For the past 30 years, the controversial Bi-County Parkway has existed only as a line on local and regional transportation planning maps.
Last week, the Prince William Planning Commission voted unanimously to remove it from the county’s long-range blueprint, formally called the “comprehensive plan.”
The proposed 10-mile roadway would extend Va. 234 north about 10 miles to U.S. 50 in Loudoun County, skirting the western edge of the protected Manassas National Battlefield Park.
The road has been the subject of hot debate in recent years, as opponents have argued it would spoil the protected battlefield without providing enough relief to Prince William County commuters, who would be better served, they say, by improvements to Interstate 66 and Va. 28.
Supporters, meanwhile, say the future four-lane road is critical to accommodate population growth and facilitate economic development in both Loudoun and Prince William counties.
The matter was before the planning commission Wednesday because of concerns among some members of the Prince William Board of Supervisors that the Bi-County Parkway could amount to an “outer beltway,” that would direct heavy truck traffic from Dulles International Airport to Interstate 95 along Va. 234 through Manassas and Dumfries.
Supervisors voted last year to begin the process of removing the road from the comprehensive plan and undoing plans to widen Va. 234 from the current four lanes to six lanes from Country Club Drive to Bristow Road. The move is considered another means of discouraging the construction of the new parkway.
On Feb. 17, the eight-member planning commission took the first step toward removing the parkway from the comprehensive plan, but declined to reverse course on Va. 234, citing the need for more study.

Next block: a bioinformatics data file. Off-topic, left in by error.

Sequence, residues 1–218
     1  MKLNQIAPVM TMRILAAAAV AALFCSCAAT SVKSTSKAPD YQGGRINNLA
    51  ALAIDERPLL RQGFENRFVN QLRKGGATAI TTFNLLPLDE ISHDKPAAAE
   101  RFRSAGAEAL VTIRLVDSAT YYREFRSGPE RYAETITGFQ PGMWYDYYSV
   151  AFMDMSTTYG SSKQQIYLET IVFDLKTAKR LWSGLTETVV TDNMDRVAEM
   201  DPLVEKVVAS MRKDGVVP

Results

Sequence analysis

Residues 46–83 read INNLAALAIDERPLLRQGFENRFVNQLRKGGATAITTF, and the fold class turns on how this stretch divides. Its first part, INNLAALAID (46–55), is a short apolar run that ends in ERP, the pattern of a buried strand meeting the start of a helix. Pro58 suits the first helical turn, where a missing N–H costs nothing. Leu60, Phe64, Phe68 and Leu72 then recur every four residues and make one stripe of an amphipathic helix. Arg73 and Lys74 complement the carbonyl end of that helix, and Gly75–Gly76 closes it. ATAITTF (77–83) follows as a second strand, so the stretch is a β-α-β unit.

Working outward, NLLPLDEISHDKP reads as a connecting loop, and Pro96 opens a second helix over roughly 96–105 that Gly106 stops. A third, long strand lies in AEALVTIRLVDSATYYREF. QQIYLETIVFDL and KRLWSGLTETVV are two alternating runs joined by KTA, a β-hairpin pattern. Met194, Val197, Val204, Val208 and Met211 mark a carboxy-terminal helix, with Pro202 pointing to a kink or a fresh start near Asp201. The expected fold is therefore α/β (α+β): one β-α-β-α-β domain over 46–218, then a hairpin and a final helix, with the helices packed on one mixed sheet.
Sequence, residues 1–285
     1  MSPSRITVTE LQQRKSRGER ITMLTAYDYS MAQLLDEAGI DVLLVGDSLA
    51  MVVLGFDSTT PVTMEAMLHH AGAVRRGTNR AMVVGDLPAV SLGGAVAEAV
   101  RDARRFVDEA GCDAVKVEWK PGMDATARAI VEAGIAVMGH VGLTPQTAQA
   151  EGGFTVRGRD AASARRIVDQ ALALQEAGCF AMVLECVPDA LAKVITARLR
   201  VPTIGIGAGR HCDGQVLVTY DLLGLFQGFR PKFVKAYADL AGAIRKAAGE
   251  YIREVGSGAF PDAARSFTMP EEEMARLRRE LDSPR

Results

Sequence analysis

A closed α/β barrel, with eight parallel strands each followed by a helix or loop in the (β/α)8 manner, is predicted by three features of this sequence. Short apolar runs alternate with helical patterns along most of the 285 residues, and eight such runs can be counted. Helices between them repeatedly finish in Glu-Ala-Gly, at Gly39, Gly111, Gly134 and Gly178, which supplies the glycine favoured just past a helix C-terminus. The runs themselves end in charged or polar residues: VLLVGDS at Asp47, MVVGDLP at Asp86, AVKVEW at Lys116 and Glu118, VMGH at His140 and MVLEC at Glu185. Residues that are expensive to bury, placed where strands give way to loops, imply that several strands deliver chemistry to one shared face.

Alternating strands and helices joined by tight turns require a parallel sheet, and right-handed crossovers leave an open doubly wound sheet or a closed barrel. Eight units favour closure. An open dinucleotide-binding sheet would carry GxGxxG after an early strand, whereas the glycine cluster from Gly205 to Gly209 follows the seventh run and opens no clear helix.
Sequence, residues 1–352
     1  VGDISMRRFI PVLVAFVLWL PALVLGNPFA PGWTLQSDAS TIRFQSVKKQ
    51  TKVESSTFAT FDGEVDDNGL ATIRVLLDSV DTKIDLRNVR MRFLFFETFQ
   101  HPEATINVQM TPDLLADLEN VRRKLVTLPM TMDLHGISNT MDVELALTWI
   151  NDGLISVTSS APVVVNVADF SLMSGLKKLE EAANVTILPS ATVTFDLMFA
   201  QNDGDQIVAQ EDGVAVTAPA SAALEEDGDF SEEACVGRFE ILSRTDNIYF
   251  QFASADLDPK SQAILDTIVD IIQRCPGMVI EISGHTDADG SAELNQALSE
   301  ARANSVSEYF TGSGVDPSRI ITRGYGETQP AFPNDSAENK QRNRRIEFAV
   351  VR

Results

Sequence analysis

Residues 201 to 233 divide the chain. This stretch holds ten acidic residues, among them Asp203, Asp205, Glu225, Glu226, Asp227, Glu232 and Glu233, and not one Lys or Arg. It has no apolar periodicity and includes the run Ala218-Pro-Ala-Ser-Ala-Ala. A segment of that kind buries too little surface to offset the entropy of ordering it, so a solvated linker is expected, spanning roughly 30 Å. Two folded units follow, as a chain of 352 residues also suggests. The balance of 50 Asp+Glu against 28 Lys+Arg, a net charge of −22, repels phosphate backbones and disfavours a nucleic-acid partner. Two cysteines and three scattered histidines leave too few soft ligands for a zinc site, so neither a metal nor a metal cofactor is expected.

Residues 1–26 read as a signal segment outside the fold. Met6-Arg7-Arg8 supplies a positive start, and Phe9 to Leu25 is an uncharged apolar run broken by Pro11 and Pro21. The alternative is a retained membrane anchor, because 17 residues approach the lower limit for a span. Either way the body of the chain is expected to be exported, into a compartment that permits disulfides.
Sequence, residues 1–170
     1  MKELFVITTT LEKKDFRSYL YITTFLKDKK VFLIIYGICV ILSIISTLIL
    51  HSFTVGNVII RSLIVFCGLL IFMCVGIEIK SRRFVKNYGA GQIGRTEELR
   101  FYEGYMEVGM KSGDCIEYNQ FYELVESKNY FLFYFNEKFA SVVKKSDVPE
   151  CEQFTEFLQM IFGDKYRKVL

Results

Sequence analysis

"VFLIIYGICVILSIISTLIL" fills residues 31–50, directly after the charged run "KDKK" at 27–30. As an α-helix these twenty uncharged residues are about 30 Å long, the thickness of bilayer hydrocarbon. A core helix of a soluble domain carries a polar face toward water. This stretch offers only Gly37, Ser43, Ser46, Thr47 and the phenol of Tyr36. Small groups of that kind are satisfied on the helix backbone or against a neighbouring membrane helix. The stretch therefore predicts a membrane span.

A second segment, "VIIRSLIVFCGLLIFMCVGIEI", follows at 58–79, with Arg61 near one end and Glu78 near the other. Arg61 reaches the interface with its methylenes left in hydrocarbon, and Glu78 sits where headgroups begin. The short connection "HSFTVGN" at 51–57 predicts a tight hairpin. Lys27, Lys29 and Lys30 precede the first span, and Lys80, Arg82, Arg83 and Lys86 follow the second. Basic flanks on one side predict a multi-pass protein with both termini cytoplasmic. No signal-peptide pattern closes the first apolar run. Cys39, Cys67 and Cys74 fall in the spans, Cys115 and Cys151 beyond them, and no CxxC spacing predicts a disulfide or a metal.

In the same vein, the commission called on supervisors to initiate a study of county’s overall transportation grid to identify alternatives to the Bi-County Parkway.
“The Bi-County Parkway is hypothetical and has been hypothetical for a very long time,” said Planning Commissioner At Large Don Taylor.
“My feeling is, let’s wipe the slate clean and quit arguing about this abstract thing and take a look at what we really need here to solve our transportation challenges.”
The planning commission vote moves the matter to the board of supervisors, which has the final say on removing the road from the comprehensive plan. The board is expected to take it up in March or April, Taylor said.
At this point, removing the parkway from the county’s comprehensive plan is largely symbolic. The road remains on the regional long-term planning map as well as state transportation plans for the Northern Virginia corridor.
Still, opponents of the road consider the step an important acknowledgement that the road was never a good deal for Prince William County, said Page Snyder, an outspoken critic who lives beside the battlefield.
“It’s gratifying to see our planning commission unanimously recognize the negligible benefits and the great cost of the Bi-County Parkway to our county as opposed to the huge benefits to Loudoun County,” Snyder said.